HOW REFRESHING -- and helpful to the judicial process -- it was to find on a deeply divided court during deeply divisive times in the 1960s and 1970s the moderating influence and persuasive intellect of a conscientious jurist. Carl McGowan, who died here Monday at the age of 76, was more than a peacemaking judge on the U.S. Court of Appeals for the District of Columbia, the panel regarded by many as second only to the Supreme Court. Judge McGowan managed to steer the middle ground with good sense and sound opinions. Years before President Kennedy would name him to the court, he saw the importance of this balancing role, describing it for a Notre Dame symposium on the role of the Supreme Court: The essence of judicial power is that it is a solvent of personal frictions, whether they grow out of the relationships of individuals to each other, or of the individual and the state. When the clash comes, it is the judicial power which must settle it, if a society is to be ordered by reason rather than by superior forces alone, which is the very negation of civilized living.
Asked at the time of his nomination if he leaned toward the liberal or the conservative side of the political spectrum, the then-Chicago lawyer said: "I don't believe in making that sort of classification. It is fruitless." Significantly, his nomination enjoyed the warm support of both the Democratic and Republican senators from Illinois, Paul Douglas and Everett Dirksen. During his 18 years on the court before he assumed senior status in 1981, Judge McGowan had a reputation for balancing individual and state interests with pragmatism and clarity. He often complained that too many lawyers wrote poorly, having observed as a law school professor that his colleagues had a tendency to hide their lights "under literally bushels of words, inexpertly put together."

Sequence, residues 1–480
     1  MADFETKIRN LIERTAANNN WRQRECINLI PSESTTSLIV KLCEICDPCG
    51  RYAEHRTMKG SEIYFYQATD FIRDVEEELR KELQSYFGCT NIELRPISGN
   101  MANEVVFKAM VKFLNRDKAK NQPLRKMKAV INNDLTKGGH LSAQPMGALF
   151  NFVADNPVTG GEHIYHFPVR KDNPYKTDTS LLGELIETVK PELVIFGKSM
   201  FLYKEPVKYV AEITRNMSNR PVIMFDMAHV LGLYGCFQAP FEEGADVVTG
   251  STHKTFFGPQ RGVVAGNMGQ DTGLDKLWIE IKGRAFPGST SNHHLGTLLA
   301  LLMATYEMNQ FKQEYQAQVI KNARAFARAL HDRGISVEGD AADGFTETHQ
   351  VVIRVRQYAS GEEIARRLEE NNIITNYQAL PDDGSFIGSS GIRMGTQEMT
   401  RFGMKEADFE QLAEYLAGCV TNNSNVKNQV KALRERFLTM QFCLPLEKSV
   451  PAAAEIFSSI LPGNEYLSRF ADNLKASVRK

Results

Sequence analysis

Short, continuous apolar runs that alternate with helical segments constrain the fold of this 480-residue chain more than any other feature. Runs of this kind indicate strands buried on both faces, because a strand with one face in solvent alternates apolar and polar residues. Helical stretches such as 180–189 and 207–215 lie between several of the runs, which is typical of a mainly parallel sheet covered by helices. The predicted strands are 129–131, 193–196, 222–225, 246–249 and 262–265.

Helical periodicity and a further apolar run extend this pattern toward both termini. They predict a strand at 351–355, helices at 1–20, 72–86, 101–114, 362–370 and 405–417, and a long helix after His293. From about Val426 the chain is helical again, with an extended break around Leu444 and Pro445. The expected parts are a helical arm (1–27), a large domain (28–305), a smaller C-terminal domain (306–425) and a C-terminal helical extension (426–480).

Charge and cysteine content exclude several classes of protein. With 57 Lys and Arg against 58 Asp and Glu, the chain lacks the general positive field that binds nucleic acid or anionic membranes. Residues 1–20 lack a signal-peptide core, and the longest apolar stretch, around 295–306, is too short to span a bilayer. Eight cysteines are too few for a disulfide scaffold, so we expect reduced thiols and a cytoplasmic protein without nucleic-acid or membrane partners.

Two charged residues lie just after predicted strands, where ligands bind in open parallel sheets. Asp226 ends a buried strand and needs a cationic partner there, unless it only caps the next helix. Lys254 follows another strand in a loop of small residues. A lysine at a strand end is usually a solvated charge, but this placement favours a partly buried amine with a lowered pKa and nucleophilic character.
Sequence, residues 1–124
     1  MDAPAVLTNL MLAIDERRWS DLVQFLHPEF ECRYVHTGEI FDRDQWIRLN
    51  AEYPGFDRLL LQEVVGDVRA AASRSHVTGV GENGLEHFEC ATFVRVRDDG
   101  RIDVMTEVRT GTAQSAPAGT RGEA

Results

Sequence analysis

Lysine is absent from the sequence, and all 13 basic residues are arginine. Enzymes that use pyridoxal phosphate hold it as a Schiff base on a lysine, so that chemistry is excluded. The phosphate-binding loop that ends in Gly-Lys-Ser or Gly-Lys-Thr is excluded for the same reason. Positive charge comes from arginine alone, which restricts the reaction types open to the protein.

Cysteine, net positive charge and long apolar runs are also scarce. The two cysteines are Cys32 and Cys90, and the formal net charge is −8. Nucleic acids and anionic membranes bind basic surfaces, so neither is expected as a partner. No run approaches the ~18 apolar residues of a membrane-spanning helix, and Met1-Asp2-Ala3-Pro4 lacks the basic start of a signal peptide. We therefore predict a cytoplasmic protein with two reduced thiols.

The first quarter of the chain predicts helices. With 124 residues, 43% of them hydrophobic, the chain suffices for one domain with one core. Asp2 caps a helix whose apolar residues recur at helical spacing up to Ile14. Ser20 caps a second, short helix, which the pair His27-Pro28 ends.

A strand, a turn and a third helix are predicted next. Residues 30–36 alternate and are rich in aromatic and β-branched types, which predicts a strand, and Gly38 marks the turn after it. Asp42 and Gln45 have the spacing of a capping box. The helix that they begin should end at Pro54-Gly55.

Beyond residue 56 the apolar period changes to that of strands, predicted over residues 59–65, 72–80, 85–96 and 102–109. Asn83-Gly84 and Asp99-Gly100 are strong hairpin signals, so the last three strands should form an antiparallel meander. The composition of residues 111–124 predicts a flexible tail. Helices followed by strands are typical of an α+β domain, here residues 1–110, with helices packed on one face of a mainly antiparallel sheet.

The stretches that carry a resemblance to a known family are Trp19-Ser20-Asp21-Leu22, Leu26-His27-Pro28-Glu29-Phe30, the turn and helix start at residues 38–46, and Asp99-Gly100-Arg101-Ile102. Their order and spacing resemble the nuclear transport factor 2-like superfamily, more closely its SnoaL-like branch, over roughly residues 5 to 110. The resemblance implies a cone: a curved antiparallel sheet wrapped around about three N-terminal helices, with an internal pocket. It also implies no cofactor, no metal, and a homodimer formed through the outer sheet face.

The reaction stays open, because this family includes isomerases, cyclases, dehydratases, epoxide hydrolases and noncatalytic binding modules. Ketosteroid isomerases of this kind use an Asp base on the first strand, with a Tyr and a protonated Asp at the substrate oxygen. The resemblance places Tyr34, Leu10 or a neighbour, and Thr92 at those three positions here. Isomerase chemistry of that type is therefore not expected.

The pointed, precise words included a 1966 concurring opinion taking an enlightened view of chronic alcoholism as an illness; and another in a 1975 ruling that the president may not wiretap at will just because the activities of a person or a group affect foreign affairs, in which he wrote that such activities "are likely to be either criminal," in which case the requirements for warrants would apply, "or protected by the First Amendment, in which case there should ordinarily be no surveillance."
It was this sort of common sense, coupled with a gentle demeanor and kind humor, that made Carl McGowan an important figure on this important court. It also made him a special friend to people well beyond the legal circles of the capital city.